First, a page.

7.1 The future evolution of Chinese triple helix in institutional and functional perspective based on the cored-field model
Transformation from a statist into an interactive triple helix model refers to the change in institutional and functional spheres. As private business and private HEIs grow up, the core of each institutional sphere is changing to become distinguished, just as shown in Figure 3. This section will explore the future of Chinese triple helix based on the research above.
7.1.1 Removing overlapping internal cores of institutional spheres: UREs' spin-off
University research results with commercialization potential were rarely transferred into industry. Firstly, the performance assessment indicators to university faculty by the Ministry of Education did not include technology transfer contribution such as consulting for industry and founding new firms (startups), since the faculties who are involved in these activities are recognized to work for themselves, not the school. Thus, to fulfill technology transfer, the university encourages the faculties to represent their own school to consult for industrial firms and achieve knowledge capitalization through establishing a special organization affiliated to itself, URE, with double or multiple attributes.
There is a crucial difference in firm formation in different triple helix models. Although both spin-offs and UREs are encouraged and supported by the university, a spin-off by definition is an economic entity of academic origin that becomes an independent entity; whereas a URE is a business enterprise, part of the administrative structure of the university, remaining under the ownership of their mother that is directly responsible for their management and liabilities;
Based on self-interest considerations, universities are reluctant to give up the ownership of UREs and huge profits (Table 7). We argue that UREs may be better established by universities, but must spin-off from the core of the institutional sphere when they ‘grow up’. A certain number of years could be set for them to stay under the university administration, and business income can be shared between the school and the enterprise in a proportion in the future.
UREs that are owned by their mother universities are in the internal core of university institutional sphere, rather than in the external field; a spin-off arises from the mother university, but is independent to the mother institutionally. The key point is who owns the enterprise, rather than who is running it. As an enterprise, the URE has an industrial firm attribute, but its president and managers are typically from the faculty and still keep an ID in the university. They may be the president, CEO, senior managers, or key staffs. UREs' development has raised the issue of university's purity as public facilities, diverging from its core missions. It will cause a more blurred university-industry boundary if the URE stays in the core of the university institutional sphere long term.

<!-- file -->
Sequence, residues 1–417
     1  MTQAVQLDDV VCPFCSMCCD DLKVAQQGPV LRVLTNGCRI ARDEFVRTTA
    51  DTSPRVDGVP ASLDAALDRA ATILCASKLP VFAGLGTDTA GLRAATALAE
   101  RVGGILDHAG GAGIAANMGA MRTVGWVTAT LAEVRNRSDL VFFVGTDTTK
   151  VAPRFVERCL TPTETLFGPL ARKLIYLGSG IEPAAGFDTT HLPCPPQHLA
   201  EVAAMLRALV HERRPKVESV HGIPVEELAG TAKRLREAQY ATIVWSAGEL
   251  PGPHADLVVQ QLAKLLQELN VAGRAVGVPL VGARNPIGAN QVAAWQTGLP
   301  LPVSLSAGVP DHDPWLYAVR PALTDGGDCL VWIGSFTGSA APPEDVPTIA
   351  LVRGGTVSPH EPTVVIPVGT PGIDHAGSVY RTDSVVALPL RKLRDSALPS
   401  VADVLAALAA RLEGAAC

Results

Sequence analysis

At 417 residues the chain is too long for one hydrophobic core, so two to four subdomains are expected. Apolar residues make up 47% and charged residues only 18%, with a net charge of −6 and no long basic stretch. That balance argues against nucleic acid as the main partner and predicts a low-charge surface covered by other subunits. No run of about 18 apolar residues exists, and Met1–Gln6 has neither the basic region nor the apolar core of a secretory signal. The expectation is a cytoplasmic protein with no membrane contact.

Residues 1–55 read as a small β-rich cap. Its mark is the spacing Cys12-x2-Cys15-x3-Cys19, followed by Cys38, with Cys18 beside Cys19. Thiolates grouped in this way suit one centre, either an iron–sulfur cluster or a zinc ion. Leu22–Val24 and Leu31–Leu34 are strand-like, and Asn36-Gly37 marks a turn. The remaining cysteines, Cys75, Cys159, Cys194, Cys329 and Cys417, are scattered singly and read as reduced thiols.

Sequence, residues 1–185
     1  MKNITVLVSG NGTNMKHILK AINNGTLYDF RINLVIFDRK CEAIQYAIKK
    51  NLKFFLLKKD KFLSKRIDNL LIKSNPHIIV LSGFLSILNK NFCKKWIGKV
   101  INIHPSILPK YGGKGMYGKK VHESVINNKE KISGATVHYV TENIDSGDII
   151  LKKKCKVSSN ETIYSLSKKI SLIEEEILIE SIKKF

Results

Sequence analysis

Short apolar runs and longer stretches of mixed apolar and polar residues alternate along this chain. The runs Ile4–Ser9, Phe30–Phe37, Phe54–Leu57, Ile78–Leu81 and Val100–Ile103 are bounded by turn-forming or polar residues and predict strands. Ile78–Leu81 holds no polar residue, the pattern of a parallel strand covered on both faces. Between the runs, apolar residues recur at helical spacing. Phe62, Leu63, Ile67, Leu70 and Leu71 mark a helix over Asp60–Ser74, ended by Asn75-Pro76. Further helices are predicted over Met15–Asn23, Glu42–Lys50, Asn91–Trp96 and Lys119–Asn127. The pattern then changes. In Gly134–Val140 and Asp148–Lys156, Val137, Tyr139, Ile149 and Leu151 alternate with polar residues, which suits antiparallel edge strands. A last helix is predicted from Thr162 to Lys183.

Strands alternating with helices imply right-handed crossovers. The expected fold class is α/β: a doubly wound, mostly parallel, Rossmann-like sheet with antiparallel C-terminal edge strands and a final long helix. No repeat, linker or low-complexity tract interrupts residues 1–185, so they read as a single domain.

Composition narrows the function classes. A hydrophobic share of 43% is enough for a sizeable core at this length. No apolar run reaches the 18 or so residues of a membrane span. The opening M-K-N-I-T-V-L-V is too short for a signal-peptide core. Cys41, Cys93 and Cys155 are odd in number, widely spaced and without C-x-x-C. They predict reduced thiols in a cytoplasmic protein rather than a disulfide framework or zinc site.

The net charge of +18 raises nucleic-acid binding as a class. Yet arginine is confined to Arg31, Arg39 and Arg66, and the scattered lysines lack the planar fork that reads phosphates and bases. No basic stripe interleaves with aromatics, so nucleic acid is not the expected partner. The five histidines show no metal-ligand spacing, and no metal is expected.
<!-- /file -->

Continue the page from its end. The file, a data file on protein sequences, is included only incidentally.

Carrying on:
The role of the university in a society is generally determined not only by economic logic but also by the ‘social contract’ concerning the division of labor. There have increasingly been complaints that the university is becoming an ‘industrial enterprise’. hFor example, university is taking on enterprise actors in innovation through its advantage in high-tech research; the tension between university and industry is increasing; and since university has its own companies, excessively competitive university-industry relationship will eventually induce a difficult technology transfer from university to industry (Mowery et al. 2004). Eun et al. suggested that the absorptive capacity of industry affects the university's decision to establish UREs. When it is weak, the university feels that it is the only path to fulfill its technology transfer or the industrialization mission is to set up UREs and make them flourish. As absorptive capacity increases, universities prefer transfer technology and UREs decline (Eun et al. 2006).
Spin-offs in Boston and Silicon Valley show that universities have made a tremendous contribution to local economic and social development. Many UREs have also taken the leading role in creating China's high-tech industry. Tongfang, Wangxin, and Dongruan Gufen established and operated by Tsinghua University, Zhejiang University, and Northeastern University, respectively, have become the top Chinese S&T firms. They exemplify the advantages of UREs as high-growth enterprises.